Face to Face

With Strung Out, The Darlings, The Artist Life

Friday, April 29

Starlite Room


It’s interesting that musical tastes seem to go full circle.  But in the end…people find themselves at the start.  That’s what a band like Face to Face is for so many people.  But with age comes new rules — or at least obedience to said rules. 


A bold-lettered sign saying something about ‘No Moshing, No Crowd Surfing’ invited the crowd into the Starlite, and with that alone, you kind of got the feeling things have changed.  And of course they have.  The punk rock line-up itself is considerably older than when they were in their prime.  They're old enough to father the kids they once catered to. Yet if bands — punk rock or otherwise — enjoyed success and could build crowd excitement like this at any age, they’d be more than happy.


After a slow line of fans leading to the Starlite finally got through the doors, The Darlings were on the stage.  “These guys would have been huge if they were around back then,” my friend commented, getting it exactly right, again proving the nostalgia of the evening.  During that crucial point of the late 90s when bands like Face to Face, Strung Out, Bad Religion, Good Riddance, etc dominated smaller clubs in Edmonton, a band like the Darlings, with their infectious melodies and chanting choruses, would have been right up there with the others.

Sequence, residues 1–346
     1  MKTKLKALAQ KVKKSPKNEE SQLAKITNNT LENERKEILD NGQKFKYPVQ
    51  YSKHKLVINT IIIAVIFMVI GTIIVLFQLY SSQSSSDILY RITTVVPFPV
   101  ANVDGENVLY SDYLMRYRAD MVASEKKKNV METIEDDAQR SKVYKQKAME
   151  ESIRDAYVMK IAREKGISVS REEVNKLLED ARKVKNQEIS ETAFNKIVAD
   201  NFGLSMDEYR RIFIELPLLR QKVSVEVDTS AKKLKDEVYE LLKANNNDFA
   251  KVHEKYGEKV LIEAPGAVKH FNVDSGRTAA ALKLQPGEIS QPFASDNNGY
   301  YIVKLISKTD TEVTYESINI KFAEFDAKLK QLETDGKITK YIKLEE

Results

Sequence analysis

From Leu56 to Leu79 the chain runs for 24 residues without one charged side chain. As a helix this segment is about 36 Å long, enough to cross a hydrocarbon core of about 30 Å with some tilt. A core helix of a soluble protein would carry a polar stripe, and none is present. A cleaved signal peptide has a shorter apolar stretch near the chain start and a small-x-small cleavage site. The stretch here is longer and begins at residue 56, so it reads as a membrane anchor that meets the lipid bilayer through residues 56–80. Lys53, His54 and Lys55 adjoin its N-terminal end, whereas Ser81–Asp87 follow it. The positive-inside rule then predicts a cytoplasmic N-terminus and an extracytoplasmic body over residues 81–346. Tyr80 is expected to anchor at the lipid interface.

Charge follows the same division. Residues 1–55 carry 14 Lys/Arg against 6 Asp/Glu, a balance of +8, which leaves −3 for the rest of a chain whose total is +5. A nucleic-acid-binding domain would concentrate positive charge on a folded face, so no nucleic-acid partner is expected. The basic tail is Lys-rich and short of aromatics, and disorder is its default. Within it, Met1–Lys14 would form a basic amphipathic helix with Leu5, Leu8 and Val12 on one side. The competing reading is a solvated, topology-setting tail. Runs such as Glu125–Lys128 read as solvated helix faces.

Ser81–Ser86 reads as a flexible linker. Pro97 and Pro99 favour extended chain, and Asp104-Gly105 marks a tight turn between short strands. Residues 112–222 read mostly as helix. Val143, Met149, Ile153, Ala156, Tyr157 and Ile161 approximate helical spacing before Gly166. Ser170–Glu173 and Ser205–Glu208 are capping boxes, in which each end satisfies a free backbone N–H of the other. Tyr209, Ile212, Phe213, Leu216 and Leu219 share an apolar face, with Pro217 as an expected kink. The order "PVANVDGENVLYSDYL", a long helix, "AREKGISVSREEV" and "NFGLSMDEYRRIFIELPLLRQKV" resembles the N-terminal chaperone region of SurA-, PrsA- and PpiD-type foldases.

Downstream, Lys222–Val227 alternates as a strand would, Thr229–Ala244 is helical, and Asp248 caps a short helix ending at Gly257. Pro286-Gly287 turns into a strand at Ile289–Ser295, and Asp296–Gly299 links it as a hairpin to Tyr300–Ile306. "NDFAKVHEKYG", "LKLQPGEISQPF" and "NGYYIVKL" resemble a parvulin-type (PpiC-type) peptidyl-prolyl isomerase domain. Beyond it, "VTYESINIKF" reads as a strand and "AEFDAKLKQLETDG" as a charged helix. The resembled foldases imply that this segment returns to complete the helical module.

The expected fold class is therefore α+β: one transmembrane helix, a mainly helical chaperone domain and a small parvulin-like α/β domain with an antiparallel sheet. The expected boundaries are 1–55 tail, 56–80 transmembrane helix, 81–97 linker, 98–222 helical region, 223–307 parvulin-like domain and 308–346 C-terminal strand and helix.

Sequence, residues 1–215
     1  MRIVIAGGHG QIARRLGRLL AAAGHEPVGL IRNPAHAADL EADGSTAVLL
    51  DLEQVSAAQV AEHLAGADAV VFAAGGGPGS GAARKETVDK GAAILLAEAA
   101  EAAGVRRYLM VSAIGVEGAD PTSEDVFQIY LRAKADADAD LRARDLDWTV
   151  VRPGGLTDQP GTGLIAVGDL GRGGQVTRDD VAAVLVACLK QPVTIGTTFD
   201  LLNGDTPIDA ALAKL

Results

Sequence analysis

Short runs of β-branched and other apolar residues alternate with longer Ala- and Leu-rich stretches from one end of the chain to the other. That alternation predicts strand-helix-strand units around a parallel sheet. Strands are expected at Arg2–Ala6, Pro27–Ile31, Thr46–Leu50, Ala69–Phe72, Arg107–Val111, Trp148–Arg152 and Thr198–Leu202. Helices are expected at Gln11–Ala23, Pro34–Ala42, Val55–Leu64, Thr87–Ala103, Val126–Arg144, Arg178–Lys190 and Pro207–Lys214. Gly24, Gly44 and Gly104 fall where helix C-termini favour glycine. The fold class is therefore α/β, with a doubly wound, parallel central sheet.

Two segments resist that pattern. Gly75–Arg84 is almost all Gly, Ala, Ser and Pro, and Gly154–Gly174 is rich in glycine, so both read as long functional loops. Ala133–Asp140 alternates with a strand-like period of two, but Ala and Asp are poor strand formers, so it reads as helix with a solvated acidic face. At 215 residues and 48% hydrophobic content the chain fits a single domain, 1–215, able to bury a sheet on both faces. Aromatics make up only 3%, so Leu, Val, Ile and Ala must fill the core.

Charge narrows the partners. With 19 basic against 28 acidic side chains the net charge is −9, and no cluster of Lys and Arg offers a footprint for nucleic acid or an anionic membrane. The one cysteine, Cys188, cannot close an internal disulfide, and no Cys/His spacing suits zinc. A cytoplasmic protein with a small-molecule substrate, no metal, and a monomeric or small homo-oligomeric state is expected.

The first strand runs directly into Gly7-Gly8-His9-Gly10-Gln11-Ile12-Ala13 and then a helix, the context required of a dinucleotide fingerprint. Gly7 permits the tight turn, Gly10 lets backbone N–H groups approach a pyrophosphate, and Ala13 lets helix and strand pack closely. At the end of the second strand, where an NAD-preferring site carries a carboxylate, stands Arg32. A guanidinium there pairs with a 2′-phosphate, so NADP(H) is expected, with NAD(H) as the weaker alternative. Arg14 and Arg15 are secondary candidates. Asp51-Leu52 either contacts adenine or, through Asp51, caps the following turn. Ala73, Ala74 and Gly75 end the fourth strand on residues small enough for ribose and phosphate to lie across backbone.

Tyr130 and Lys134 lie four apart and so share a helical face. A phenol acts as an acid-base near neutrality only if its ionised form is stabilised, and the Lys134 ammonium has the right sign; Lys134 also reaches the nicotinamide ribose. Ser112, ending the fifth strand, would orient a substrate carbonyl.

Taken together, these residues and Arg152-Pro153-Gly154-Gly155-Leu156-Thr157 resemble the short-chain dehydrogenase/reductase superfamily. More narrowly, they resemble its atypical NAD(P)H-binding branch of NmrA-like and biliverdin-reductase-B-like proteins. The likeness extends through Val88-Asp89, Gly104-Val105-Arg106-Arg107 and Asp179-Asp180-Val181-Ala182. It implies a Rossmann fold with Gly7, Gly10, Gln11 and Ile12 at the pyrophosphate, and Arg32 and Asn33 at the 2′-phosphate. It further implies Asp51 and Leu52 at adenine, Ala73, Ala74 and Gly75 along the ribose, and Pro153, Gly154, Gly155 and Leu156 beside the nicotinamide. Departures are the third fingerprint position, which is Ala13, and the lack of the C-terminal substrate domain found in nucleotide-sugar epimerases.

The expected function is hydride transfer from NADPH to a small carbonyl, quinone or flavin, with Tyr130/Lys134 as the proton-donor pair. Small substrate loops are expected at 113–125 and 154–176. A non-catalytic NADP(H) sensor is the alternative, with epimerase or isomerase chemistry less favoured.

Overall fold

Strung Out proved that this tour was a co-headlining affair.  As they ripped through a insanely energetic set full of some more recent stuff, but much from their earlier Suburban Teenage Wasteland Blues and Twisted by Design. Their metal infused punk sound has always been reminiscent of 80s and 90s nostalgia, and still after nearly 20 years as a band, they show no signs of again (slowing down).  Proved not only by the dripping sweat from the band members and crowd, but by the cover of Pantera’s “Walk”.


After a long delay of stage preparation and the annoying, yet vintage, make-the-crowd-wait build up, Face to Face ripped into their hour-plus set documenting the band’s vigorous career (skipping some noticeably mellow times of the band).  Stand out fan favourites “Disconnected,” “Complicated,” “Over It,” and “I Want,” proved that even after a 9-year break between studio albums and 4-year hiatus as a band, haven’t slowed the band considerably.  While the bouncers attempted to enforce the guidelines asking for civility, a raucous Friday night crowd muted their efforts. While only playing three from their upcoming Laugh Now, Laugh Later, the band displayed the same, classic 90s punk sound and left the sweaty, drunken crowd asking for more, even if the entire evening was insanely long.


more in Music Review     |     posted Apr 30th, 2011 at 4:14pm     

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